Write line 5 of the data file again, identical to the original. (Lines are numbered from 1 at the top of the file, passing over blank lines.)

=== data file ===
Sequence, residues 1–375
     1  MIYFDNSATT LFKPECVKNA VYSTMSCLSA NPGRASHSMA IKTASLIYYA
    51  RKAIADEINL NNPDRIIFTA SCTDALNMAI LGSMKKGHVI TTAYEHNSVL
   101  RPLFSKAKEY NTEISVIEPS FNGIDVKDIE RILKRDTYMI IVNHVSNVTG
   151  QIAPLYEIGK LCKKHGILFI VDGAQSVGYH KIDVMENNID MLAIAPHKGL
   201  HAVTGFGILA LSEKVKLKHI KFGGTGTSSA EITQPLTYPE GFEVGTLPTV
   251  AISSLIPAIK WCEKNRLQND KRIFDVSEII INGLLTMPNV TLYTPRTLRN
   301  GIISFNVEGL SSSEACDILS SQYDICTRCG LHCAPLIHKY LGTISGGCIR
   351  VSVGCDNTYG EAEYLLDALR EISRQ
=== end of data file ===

   151  QIAPLYEIGK LCKKHGILFI VDGAQSVGYH KIDVMENNID MLAIAPHKGL